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Algorithms for loading history file

Algorithms for loading history file

Posted Jun 1, 2005 0:27 UTC (Wed) by Blaisorblade (guest, #25465)
In reply to: Fish - The friendly interactive shell by liljencrantz
Parent article: Fish - The friendly interactive shell

> The history file takes about a quarter of a second to load 1000 entries, > though. That has to improve.
About this: since this is something smart algorithms can help about (I'm not sure about load time, but at least for search time), I wanted to answer. Have you thought to using a trie (also called radix tree)? It's a tree (not binary) where each word is stored split in characters, with one character at each level. So you store "cat a" and "cat b" in the same tree path, except for the last node:

(representing the tree in horizontal)
<c> -> <a> -> <t> -> < > -> <a> | <b>

This helps a lot searches done from the beginning. The root would be an empty node, having all (used) letters as childs.

Actually this wouldn't help for Ctrl-R searches... a solution I have on top of my head (but which isn't on textbooks, so it's not as studied as the above one) is to have a parallel array who contains all letters, and where each letter points to all occurrences of that letter itself in the main tree. So for "a" you find a list of all "a"'s in the main tree. Sadly, it would be better to have a parallel trie of all "a" in the main tree, but this would be hard (either you restore again the whole trie or you all "a"'s share the descendants, which isn't nice).

If you want, we can discuss this further (even if I'm not a deep expert on this)...

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Algorithms for loading history file

Posted Jun 1, 2005 11:11 UTC (Wed) by liljencrantz (guest, #28458) [Link]

The history search uses a linear search right now, since the history list is so small that searches take virtually no time at all. Making the search use a more clever algorithm would just increase code bloat without adding any noticable benefit to the user.

The thing that _does_ take time is reading the history file from disk. I haven't looked in to whether this is because of disk latency, because fish does mutiple mallocs for every entry, meaning several thousand mallocs are performed when loading into memory or if this is caused by using a slow hash function in the table used for removing duplicates. The hash function fish uses is pretty slow, since it does quite a lot of work. It is designed in much the same way as the SHA family of cryptographic functions, but with fewer laps and a smaller data set. The upside is that the distribution of the hash values is very good. The downside is that the hash function is a bit slow.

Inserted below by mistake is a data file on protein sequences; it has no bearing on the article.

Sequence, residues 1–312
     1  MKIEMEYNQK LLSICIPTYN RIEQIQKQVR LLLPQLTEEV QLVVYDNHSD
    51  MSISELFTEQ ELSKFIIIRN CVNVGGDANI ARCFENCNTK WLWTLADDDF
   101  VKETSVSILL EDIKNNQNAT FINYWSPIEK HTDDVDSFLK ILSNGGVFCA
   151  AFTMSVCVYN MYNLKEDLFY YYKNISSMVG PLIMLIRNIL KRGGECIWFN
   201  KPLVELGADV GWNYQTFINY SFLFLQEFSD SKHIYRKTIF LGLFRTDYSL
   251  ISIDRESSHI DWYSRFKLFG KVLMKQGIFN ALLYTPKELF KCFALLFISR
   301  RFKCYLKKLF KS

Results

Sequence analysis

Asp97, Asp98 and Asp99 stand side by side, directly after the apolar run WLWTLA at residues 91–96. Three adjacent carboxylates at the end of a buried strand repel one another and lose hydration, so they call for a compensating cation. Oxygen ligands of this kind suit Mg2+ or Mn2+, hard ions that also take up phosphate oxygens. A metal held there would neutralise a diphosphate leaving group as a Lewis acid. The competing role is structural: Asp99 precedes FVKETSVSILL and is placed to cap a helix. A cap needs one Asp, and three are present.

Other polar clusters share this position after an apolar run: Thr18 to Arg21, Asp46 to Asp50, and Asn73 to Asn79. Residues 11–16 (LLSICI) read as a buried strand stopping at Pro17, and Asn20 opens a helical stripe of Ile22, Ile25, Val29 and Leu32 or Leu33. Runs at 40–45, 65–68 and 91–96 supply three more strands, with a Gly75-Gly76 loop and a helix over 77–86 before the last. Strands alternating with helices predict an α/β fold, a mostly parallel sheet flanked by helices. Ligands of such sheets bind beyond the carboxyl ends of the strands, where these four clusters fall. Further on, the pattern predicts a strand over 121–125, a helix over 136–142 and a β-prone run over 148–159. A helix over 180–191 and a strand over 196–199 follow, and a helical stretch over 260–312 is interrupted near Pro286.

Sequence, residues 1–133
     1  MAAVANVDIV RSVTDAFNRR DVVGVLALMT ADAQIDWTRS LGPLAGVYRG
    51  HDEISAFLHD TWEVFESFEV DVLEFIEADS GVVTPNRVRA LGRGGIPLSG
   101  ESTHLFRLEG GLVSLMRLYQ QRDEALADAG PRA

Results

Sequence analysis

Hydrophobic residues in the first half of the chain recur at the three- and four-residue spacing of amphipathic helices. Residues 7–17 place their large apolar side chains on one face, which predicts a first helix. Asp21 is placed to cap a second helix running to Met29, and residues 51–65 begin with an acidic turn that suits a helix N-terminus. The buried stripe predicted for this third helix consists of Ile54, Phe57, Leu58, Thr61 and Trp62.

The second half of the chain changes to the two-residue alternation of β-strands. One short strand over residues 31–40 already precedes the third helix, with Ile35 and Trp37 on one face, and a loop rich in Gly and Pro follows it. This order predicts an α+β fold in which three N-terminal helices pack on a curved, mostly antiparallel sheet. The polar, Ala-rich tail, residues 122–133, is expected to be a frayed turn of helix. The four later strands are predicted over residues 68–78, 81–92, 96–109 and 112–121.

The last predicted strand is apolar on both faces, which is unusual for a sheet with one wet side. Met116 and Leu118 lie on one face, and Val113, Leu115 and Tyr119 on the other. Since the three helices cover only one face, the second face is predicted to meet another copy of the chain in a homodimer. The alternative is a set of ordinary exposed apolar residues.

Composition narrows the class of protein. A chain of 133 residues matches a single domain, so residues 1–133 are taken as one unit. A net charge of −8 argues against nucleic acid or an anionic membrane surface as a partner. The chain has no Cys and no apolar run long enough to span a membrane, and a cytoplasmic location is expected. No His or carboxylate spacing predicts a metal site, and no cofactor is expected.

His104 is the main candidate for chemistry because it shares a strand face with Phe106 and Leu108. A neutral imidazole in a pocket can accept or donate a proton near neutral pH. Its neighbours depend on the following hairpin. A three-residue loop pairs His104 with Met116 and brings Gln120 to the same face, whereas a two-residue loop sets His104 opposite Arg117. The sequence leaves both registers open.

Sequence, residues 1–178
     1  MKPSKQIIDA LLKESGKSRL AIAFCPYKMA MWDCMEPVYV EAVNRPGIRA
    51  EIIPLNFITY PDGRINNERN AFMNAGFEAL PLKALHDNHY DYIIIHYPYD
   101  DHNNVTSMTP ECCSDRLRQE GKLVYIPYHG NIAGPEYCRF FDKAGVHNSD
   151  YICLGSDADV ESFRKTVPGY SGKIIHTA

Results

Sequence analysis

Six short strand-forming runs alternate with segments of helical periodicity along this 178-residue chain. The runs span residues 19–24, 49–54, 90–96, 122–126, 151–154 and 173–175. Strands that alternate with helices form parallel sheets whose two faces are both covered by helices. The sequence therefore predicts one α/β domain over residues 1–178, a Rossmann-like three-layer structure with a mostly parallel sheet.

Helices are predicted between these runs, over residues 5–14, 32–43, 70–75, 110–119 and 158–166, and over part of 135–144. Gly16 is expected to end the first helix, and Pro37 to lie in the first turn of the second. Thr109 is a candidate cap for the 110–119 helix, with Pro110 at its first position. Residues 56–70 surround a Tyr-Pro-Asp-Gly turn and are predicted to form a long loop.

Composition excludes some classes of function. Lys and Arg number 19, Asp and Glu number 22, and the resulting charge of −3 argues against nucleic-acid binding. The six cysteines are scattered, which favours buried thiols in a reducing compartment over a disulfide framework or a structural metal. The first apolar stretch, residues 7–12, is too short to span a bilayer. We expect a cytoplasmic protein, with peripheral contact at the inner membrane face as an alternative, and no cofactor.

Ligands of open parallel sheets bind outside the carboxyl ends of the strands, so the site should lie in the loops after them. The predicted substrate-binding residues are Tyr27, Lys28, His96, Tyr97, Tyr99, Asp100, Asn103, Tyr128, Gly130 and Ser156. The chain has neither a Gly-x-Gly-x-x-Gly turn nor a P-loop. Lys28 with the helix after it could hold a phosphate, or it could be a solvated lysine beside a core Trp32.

Algorithms for loading history file

Posted Jun 1, 2005 16:15 UTC (Wed) by Blaisorblade (guest, #25465) [Link]

Ok, probably the search algorithm is ok...
For the hash function, SHA1 has almost 0 probability of collision and gives a 160 bits hash; to avoid collisions between around 5000 entries, it's really overkill. Actually a good hash function for non-cryptographic purposes (assuming you go compare entries with the same hash) is of the followind kind:

int hash(char a[], int size, int prime) {
  char * p = a;
  int sum = 0;
  while (*p) {
    sum = sum * prime;
    sum = (sum + *p++) % size;
    //printf("%d ", sum);
  return sum;

it returns an integer in the range [0..size); (and prime must be a prime number, which usually you choose at compile time). prime=131 is a good choice. It is easy to add this code to build a testing program with the below (send size and prime on the first line, then a test file, and then sort|uniq -c|count the average number of collisions on used hash codes with awk).

char str[1000];

int main(void) {
  int size, prime;
  scanf("%d %d", &size, & prime);
  while (scanf("%s", str) != EOF) {
    printf("%d\n", hash(str, size, prime));

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